s1 s2 s3 s4 s5 s6 s7 s8

Students s1, s2, s3, s7, and s8 are general category (GC) members, s4 is an OBC member, s5 is a member of SC, and s6 belongs to ST.

In the first iteration, three open category seats are assigned to s1, s2, and s3 because they have the highest merit scores. The SC seat is assigned to s5 and the ST seat to s6. Student s4 is assigned to one of the three OBC seats. At the end of this iteration, two of the three OBC seats remain empty. These two seats are reverted to the open category. Therefore, in the second iteration, the number of open category seats become five, and the number of OBC seats is reduced to one.

In the second iteration, the open-category seats are assigned to s1, s2, s3, s4, and s5 because they have the highest merit scores.3 Student s6 is assigned to the ST seat. The SC and OBC seats remain unfilled because s7 and s8 are GC students, and thus not eligible for these seats. The unfilled OBC seat is reverted to open category. Hence, in the third iteration, the number of open category seats increases to six and the number of OBC seats decreases to zero.

In the third iteration, the open category seats are assigned to s1, s2, s3, s4, s5, and s6 because they have the highest merit scores. Since s7 and s8 are GC students, the reserved SC and ST seats remain unfilled.

Shortcomings of the multi-run DA

At first glance, the multi-run DA mechanism seems promising and well thought out. But upon closer examination, critical issues with this mechanism can be identified. We highlight three main issues, emphasising the need for a better market design.

i) The first issue is that there is an unnecessary loss of student welfare because of the multi-run DA. To see this point, consider an example with programmes A and B with two seats each. At both programmes, one seat is open category, while the other one is reserved for OBCs. There are four students with the following merit score ranking: s1s2s3s4. Students s1 and s2 are members of GC, while s3 and s4 are members of OBC. Students s1 and s2 prefer A over B, whereas s3 and s4 have the opposite preferences.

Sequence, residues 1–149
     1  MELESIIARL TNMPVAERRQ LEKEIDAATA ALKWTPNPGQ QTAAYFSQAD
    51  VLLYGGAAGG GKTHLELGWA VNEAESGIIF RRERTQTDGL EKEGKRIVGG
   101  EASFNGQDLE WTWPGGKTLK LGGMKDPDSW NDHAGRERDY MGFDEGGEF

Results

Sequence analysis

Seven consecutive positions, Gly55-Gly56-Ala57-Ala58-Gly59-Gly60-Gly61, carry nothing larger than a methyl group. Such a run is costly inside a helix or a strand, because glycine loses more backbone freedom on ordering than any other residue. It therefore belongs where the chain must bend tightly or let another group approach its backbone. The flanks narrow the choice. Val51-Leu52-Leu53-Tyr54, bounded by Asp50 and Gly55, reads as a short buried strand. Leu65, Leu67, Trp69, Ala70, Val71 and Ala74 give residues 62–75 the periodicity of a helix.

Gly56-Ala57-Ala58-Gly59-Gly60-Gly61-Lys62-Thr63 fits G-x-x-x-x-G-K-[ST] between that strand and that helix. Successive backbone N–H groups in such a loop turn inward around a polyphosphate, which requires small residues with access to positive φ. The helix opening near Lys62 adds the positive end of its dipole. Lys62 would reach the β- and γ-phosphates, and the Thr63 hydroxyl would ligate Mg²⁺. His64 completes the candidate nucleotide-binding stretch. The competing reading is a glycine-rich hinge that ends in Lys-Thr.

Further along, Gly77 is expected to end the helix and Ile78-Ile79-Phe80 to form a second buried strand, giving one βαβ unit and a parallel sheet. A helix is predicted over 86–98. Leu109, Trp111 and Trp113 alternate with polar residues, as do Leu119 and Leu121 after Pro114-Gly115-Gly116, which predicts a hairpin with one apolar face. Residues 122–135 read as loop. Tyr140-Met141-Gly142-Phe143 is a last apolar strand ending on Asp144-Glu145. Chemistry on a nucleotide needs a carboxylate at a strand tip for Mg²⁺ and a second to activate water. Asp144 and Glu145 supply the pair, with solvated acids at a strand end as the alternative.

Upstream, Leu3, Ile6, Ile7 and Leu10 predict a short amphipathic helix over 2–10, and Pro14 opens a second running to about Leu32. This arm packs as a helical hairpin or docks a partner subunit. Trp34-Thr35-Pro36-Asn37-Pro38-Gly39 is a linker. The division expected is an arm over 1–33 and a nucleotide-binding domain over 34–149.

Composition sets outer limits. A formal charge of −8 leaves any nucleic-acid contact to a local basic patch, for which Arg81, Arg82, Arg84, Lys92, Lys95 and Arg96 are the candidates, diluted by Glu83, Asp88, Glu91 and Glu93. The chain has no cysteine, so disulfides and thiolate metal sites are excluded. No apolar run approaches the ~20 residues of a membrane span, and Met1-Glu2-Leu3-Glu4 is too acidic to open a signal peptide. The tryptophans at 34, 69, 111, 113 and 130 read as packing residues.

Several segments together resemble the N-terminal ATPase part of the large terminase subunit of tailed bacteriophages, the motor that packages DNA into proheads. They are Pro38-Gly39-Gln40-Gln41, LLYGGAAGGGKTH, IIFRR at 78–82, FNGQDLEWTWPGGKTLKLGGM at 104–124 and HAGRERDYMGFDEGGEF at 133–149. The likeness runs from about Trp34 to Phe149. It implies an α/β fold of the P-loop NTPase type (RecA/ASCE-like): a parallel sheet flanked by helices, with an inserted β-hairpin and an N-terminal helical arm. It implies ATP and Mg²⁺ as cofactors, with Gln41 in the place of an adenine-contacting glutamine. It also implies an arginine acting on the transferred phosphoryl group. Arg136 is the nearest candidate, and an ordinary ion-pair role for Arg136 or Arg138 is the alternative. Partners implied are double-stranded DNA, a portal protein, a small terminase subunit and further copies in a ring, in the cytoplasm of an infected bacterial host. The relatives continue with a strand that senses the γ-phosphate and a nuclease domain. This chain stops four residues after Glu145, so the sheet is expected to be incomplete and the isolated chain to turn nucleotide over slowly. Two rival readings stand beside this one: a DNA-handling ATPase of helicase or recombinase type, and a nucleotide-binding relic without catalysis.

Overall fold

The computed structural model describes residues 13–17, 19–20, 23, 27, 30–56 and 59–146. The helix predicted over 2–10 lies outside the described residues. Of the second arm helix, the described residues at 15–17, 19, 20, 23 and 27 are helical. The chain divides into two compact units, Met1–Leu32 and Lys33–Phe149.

In the first iteration of DA, s1 and s2 apply to A, while s3 and s4 apply to B. Since s1 and s2 are both GC members, they are considered only for the open category seat. Therefore, at A, s1 is tentatively held for the open category seat and s2 is rejected. At B, s3 is tentatively held for the open category seat and s4 for the OBC seat. Next, the rejected student, s2, applies to the less-preferred programme B. Programme B tentatively holds s2 for the open category seat, s3 for the OBC seat, and rejects s4. Then, s4 applies to A and is held for the OBC seat, and s1 for the open category seat. The outcome is

The first iteration of the multi-run DA is finalised because there is no unfilled OBC seat in any program. Note in this case that students s2 and s4 are assigned to their least preferred programmes.